Let’s face it, every new and successful enterprise is the result of someone with an idea. People aren’t going to finance you without knowing your idea. Sometimes the idea is so powerful that it generates a tremendous response right off the bat. This is unusual, but it does happen—it’s when the reader stops you and says, “You don’t have to tell me any more; I’m sold.” More often, you’ll need to explain why your idea has merit and how it can solve a common problem by making things easier, faster, or cheaper for the prospective customer(s).
Business ideas that no one has ever thought of are rare. So are new inventions. But new spins on old ideas are plentiful. Some of these are game changers, while others simply give consumers something new that solves a problem or makes some aspect of life easier. Then there are ideas that fall into the “same old, same old” category. No matter how brilliantly crafted, written, and presented your business plan is, it will be difficult to win your investors, and later customers, with an old idea that does not have a new twist. Therefore, you want to wow them first with your idea! If they’re not interested, no matter what your financials are, they won’t help.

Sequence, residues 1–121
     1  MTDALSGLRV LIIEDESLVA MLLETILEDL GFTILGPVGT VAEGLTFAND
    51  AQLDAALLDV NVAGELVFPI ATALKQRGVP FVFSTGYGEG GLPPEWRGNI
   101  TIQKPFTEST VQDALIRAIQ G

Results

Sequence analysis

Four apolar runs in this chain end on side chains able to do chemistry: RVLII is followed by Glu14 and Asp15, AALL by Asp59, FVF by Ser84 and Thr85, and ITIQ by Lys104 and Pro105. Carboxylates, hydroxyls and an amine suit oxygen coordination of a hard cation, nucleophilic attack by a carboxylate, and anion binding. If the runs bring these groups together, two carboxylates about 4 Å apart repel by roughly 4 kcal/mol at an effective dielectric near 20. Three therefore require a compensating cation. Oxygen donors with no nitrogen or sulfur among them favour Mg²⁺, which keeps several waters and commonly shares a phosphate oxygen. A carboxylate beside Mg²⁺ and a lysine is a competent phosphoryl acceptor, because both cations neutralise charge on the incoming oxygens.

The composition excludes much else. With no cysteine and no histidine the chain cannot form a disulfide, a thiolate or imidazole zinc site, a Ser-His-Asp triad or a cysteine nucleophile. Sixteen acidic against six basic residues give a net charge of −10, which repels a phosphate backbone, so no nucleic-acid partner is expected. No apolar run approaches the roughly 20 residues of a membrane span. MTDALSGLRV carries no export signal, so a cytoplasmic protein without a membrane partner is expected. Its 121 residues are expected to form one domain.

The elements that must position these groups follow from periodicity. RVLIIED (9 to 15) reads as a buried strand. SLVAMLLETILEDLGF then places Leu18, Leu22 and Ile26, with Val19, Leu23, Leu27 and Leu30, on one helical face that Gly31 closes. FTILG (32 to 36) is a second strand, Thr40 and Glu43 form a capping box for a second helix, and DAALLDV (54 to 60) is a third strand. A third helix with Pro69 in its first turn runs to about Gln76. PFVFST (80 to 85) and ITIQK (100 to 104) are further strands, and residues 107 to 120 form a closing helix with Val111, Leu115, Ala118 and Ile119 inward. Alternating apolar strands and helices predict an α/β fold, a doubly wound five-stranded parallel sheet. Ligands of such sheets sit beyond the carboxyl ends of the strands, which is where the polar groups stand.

How Much Cash Do You Need?
If you are using your plan as a financing proposal, and you probably are, put this information right up front. Are you seeking a loan, convertible debt, or equity investment? What terms, both in interest and length of loan, are you requesting? If equity, what is the probable exit strategy—and when will the exit strategy be executed?
Some readers will stop right here. That’s fine. Other readers will appreciate your frankness. Being coy about amounts and terms will only harm your venture.
How Will You Use the Cash?
Provide a short explanation of how you’ll use any financing you seek. Tell the investor why you need the money. Nobody wants to lend you money if they don’t know exactly why you need it. It’s not necessary to get into much detail here—just make it clear that you need it for x, y, and z. You don’t have to justify every penny and wind up feeling obligated to ask for a loan of $23,558.36 because that’s the exact price of everything you need. You should also let the reader know how the investment will help the company grow and/or increase its profits. Why else would you be seeking funding? The best use of somebody else’s money is to buy or build something that will make more money, both for you and for that person.
Understand the Goals of Financiers
In your executive summary, consider the following:
- Friends and family want to get their money back someday but are not very interested in timing and returns.
- Bankers look for free cash flow to pay back the principal and interest of their loans. They also look closely at management experience and marketing. They may ask for collateral. By law they have to be conservative, that is, risk-averse, so they are not great candidates for risky financing.
- Angel investors look for moderate rates of return, usually above the prime rate, plus some capital appreciation. They sometimes want to be involved at a hands-on level.